# 10 Days of Basic Programming, Day 6: Input/Output, recursion and some exercises

Acid_Snake

I like beer.

### 13 Responses

1. solid_gabe136 says:

The way i first understood recrsive fxn is to look at a function that is recursive itself, for instance n! Can be easilily written with recursion, so technically calculatng e might require an n! Fxn or importing some math library

2. NoSpam says:

10 print “Wo”
20 print “lo”
30 goto 20
RUN

3. k3nn says:

–the above function that counts from 0 to 10 has a mayor flaw in it, can you tell what it is?

if you call recursive using a number > 10 as the first value, it will turn into an infinite loop.

• k3nn says:

recursiveCount(11); <– infinite loop

• Acid_Snake says:

that is indeed correct.

• k3nn says:

woohoo… f.i.r.s.t.! but i still haven’t figured out how to do the Big Oh(log n)…the only thing i know that could do that fast is 2^n using shifts instead of actual multiplication.hmmm…

• Acid_Snake says:

Yeah but I’m not talking about powers of 2, I’m talking about any power. You have to make an algorithm pow(b, n) that calculates b^n in logarithmic time. Replacing multiplication with shifts doesn’t exactly change the complexity and cost of the algorithm.

4. nebu_187 says:

i just realised, u have to be a total geek to be a good programmer, no offense but whitout being totally obsessed with programming and having to much free time it is something u will never achieve to do well. if it is your proffesion its totally different of course. Ur 10 days of programming made me realise: ill just stick 2 gaming

• Yatto says:

No you don’t have to ! Here, Snake is teaching the basic of “how you have to think to program” (with some drops of C language here and there), but you can use these basic programming skills to program something with a WYSIWYG interface, where you draw a window, drop some buttons, then add some light lines of code, just as you would do in VIsual Basic for Applications, when you create a macro for MS Excel.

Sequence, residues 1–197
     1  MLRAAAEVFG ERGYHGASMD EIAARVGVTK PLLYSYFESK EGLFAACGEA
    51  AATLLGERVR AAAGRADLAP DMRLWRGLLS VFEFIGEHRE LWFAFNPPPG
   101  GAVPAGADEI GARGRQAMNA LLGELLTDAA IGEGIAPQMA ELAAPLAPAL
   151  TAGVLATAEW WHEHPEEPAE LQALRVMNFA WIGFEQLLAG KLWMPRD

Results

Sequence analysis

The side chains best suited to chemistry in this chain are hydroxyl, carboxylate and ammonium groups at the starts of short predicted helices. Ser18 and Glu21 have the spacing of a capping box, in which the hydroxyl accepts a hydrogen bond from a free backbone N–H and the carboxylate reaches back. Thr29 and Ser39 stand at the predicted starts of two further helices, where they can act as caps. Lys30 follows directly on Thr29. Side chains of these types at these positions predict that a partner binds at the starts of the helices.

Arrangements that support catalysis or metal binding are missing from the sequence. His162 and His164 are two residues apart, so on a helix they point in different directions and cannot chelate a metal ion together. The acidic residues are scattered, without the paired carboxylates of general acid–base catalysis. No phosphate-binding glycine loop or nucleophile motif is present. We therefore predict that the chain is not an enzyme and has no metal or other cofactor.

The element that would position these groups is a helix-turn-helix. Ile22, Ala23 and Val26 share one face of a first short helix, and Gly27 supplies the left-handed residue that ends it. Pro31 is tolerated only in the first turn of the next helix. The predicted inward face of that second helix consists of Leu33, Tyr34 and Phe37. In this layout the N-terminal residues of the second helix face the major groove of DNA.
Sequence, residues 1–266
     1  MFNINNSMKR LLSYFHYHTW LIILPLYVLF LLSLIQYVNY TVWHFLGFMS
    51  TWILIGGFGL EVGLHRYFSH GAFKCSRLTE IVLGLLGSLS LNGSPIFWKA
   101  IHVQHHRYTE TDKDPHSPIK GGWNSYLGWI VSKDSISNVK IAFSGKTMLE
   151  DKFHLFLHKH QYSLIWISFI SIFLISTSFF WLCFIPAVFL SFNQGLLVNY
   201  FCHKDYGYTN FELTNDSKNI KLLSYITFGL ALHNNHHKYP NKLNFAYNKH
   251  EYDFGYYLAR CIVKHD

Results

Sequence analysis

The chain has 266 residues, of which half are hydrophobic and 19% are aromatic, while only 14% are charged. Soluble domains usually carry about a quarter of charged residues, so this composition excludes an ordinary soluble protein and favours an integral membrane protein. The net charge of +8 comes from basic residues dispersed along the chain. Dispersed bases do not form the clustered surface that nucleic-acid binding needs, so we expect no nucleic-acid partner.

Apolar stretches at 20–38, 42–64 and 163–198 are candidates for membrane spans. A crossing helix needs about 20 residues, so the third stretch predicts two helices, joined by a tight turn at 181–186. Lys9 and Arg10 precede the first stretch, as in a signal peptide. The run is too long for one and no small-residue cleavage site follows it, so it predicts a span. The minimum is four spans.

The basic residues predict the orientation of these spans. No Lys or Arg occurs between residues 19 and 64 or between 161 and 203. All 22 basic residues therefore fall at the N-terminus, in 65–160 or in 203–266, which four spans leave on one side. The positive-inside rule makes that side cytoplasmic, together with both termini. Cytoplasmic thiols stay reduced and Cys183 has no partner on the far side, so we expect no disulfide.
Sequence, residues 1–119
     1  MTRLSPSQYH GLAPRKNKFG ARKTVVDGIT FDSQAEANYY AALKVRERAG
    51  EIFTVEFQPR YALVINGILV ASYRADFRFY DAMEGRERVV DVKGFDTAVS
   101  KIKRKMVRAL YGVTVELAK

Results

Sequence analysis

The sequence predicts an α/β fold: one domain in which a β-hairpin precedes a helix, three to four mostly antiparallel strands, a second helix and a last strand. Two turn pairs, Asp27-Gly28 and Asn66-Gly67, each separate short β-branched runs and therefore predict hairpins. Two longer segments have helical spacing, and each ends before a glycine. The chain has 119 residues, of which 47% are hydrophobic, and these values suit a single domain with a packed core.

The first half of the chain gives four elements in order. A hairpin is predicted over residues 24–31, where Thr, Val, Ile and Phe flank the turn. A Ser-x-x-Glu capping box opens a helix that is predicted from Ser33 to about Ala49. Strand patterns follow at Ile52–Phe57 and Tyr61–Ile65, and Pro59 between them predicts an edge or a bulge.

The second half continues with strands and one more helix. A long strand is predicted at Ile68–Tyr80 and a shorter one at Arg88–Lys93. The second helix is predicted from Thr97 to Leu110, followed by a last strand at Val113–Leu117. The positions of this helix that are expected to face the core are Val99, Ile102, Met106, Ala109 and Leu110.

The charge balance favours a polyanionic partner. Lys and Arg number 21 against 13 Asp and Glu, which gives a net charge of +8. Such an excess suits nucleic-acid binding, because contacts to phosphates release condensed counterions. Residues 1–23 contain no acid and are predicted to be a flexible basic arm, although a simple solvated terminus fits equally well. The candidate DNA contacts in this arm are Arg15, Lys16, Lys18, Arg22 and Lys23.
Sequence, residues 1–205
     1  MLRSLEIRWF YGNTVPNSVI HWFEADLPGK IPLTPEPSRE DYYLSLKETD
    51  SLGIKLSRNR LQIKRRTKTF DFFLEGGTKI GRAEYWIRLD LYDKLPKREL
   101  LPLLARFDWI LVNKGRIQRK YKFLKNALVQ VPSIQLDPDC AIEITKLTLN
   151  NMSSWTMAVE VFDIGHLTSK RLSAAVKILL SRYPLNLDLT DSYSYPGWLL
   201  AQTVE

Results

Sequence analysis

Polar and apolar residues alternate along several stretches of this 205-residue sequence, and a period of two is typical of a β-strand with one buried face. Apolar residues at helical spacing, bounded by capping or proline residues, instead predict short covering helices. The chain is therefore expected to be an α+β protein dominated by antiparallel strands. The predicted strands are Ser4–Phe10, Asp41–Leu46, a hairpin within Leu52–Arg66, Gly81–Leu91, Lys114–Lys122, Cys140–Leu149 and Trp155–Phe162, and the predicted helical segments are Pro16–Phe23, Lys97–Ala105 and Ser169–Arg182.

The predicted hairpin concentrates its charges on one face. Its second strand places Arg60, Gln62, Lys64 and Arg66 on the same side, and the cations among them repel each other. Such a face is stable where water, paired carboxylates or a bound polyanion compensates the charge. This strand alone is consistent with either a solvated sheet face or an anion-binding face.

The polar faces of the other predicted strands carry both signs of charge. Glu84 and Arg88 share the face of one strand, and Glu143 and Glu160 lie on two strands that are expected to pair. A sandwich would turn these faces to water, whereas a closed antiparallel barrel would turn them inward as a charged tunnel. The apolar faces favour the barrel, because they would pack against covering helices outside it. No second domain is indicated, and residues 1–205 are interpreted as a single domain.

In France, since 2014, children are taught basic programming skills (on their graph calculator mostly) from their 2nd or 3rd year of secondary school (when they’re 13 years old) and most of them love it because it allows them to make little programs to help them during maths tests ; and if they do these kind of programs, they are allowed, the teacher adapts the tests to focus on understanding. It works.

So if you’re reading this, please consider trying to program on something light if you want to do some basic stuff. A graphic calculator (TI-83+ / Casio 25+ for example) is great for a beginner. But you can start with C or Python on PC as well, feel free to experiment.

1. April 10, 2015

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